Tens of thousands of fans who were unable to secure tickets ended up buying scalped tickets at double the original prices or more in the secondary resale market, a growing part of which Ticketmaster also controls. Many of those fans have sued Ticketmaster, claiming the fiasco was an orchestrated scheme by Ticketmaster to squeeze every last dollar from a captive public.

Scrutiny of Live Nation and Ticketmaster has intensified in recent months since the Swift debacle, which renewed calls among some consumer advocates and members of Congress for further investigation of the companies’ practices and a re-examination of their 2010 merger. 

Already, the Justice Department had found the companies had repeatedly violated the terms of the 10-year consent decree to prevent an anti-competitive ticketing monopoly. That led a federal judge in 2020 to extend the decree by 5½ more years and impose $10 million in fines and other costs against Live Nation.

Live Nation’s CEO, Michael Rapino, said on the company’s annual earnings call in February that company officials “remain in constant conversations with the DOJ monitors and do not believe there have been any violations.”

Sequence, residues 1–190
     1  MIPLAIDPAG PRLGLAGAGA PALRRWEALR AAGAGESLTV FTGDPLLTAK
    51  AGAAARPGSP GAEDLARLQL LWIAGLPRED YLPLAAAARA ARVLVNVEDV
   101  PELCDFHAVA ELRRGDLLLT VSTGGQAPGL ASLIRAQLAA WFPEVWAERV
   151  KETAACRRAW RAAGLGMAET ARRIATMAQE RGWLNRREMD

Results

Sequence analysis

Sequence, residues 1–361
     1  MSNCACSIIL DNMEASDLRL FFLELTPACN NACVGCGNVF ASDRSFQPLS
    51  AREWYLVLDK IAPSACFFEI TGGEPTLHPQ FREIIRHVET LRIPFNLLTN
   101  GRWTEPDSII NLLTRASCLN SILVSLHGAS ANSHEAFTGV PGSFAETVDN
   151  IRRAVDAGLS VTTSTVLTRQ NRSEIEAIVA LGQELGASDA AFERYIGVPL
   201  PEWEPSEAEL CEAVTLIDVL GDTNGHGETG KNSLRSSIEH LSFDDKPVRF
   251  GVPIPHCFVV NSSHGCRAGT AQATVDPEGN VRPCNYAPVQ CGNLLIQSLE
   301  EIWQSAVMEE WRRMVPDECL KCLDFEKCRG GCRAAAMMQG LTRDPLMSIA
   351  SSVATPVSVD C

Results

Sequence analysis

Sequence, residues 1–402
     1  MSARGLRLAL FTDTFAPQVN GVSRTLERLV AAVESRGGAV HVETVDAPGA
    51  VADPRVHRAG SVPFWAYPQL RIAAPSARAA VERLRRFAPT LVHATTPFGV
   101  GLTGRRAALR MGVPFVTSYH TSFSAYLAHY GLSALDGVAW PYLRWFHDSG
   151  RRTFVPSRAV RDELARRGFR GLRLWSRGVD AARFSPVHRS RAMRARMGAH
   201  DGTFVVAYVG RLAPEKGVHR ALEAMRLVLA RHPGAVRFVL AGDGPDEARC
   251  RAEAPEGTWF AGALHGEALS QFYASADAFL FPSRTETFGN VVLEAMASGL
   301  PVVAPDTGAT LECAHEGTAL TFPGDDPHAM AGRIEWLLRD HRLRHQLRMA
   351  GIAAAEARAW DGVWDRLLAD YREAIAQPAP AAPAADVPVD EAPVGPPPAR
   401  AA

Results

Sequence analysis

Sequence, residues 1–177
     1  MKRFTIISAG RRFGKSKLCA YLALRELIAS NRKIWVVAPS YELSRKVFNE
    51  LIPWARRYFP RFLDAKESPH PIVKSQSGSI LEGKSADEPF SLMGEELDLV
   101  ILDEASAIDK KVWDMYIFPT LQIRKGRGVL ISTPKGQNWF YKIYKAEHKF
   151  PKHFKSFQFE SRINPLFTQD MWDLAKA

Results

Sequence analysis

Meanwhile, the company continues to stand behind Ticketmaster’s arbitration clause to defend against the mounting lawsuits.

As in the Heckman case, Live Nation’s lawyers already have filed a motion in one of the Swift fans’ lawsuits contending the company can’t be sued because those customers already agreed to privately arbitrate claims out of court.

But Imre Szalai, a Loyola University New Orleans law professor and expert on arbitration law, said Ticketmaster’s shift to using the New Era arbitration procedures shouldn’t prevent a class-action antitrust lawsuit from going forward.

Szalai, who is an arbitrator and has written books about the Federal Arbitration Act, said arbitration procedures are good for resolving simple disputes but not for evaluating complex antitrust claims. That’s especially true of New Era’s sped-up process, which restricts evidence, he said.